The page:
Public access to waterways on private property – The Law

Q: What rights does the public have to access waterways and use streams if they flow through a farmer’s land? Are the rules the same for seasonal creeks? What if the creek is dry? Is there a right to walk or snowmobile along the creek bed?

A: Water is crown property and its use is regulated by various provincial and in some cases federal legislation. As a general rule, no licence or permit is required to use water for domestic purposes, including some agricultural usage.

A landowner cannot alter waterways running through his land if it will affect water flows or individuals downstream. Thus, a landowner cannot create a private dam to block the flow of a creek unless she has specific permission from the appropriate provincial authority. Bodies of water, such as sloughs, solely enclosed within a landowner’s property, can be drained or changed by the landowner.

Stream and lake beds are crown property. This was affirmed by the 1894 North-West Irrigation Act and by a 1932 Supreme Court of Canada decision.

The principle that lake beds and streams are crown property continues in current legislation. Manitoba’s Crown Lands Act reserves the bed of a body of water and a strip of land 30 metres from the highwater mark for the crown.

If land borders a navigable waterway, the crown also reserves “the public right of landing from, and mooring, boats and vessels so far as is reasonably necessary.”

Saskatchewan’s Provincial Lands Act reserves the public right of access to lakes, rivers, streams and bodies of water “and the right of passing and repassing on or besides the land on either side and wherever necessary for the use thereof.”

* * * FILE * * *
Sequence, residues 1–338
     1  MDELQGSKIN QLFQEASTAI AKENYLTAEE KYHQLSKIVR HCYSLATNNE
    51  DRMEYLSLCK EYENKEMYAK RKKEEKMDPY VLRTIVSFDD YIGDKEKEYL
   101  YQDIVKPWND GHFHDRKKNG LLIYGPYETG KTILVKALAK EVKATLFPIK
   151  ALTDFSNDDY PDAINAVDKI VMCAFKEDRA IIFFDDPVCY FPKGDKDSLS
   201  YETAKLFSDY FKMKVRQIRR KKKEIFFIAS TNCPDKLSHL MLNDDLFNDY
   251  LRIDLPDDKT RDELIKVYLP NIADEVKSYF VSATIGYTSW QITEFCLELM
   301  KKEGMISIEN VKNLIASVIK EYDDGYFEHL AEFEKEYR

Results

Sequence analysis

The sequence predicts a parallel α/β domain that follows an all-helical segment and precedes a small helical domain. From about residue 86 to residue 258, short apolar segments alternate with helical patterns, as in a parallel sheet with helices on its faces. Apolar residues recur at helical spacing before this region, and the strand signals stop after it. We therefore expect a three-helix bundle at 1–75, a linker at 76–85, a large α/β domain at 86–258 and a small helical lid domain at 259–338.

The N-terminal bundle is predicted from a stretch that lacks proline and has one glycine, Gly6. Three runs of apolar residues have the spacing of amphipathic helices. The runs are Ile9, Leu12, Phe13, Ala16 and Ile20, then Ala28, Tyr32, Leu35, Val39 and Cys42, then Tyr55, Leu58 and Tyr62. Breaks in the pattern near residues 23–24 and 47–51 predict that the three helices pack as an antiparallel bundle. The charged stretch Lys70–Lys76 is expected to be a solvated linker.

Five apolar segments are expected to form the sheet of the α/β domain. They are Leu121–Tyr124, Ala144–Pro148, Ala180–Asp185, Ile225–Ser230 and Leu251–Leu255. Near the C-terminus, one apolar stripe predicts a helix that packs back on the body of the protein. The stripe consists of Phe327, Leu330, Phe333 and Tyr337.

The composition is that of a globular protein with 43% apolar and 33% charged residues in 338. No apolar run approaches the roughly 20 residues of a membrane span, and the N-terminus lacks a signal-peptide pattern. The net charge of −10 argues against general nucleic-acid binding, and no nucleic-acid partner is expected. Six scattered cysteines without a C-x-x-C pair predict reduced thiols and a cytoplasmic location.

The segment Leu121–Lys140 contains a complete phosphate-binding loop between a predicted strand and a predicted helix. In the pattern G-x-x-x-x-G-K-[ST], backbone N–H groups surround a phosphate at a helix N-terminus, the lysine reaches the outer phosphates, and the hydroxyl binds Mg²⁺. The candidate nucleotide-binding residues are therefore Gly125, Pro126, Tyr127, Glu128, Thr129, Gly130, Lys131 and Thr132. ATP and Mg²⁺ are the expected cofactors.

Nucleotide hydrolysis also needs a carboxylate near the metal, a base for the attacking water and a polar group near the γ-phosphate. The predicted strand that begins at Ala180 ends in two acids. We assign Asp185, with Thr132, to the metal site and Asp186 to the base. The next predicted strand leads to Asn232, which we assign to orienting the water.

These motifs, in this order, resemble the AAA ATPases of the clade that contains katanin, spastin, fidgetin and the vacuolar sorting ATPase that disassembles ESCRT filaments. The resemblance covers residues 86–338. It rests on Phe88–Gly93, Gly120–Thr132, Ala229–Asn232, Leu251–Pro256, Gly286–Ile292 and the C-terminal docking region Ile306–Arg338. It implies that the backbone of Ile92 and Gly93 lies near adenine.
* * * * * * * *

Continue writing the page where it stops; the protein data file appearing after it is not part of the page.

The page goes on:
Alberta legislation simply provides that the crown has title to all “beds and shores” of permanent and naturally occurring bodies of water, rivers and streams.

The law also recognizes a public right to navigate over navigable waters. However, the difficult legal question is what constitutes navigable waters. There is no federal or provincial law defining this, nor is there any list of waters the public can use.

What is navigable?

In International Minerals & Chemical Corp. vs. Canada, the issue was whether Cutarm Creek in east-central Saskatchewan was a navigable waterway. The creek was described as marshlike and “consisting of pools and riffles” and as having a limited flow during most of the year with poorly defined boundaries, and a trickle where it meets the Qu’Appelle River except during spring runoff and severe rainfall.

The court accepted that a navigable waterway could be one capable of carrying vessels of shallow draft such as canoes, but the fact that it could carry canoes did not make it a navigable waterway.

The court defined a navigable waterway as one where “the waters connect places which in the normal course would facilitate travel, even recreational travel, on a route that would have a likelihood of reasonable appeal to members of the public as a route to be travelled.”

The court found that Cutarm Creek was not a navigable body because for most of the year it was not traversable, even by a canoe.

While the public has rights to access and use navigable waterways, this right does not include the right to cross private property to get to such waterways.

Don Purich is a former practising lawyer who is now involved in publishing, teaching and writing about legal issues. His columns are intended as general advice only. Individuals are encouraged to seek other opinions and/or personal counsel when dealing with legal matters.

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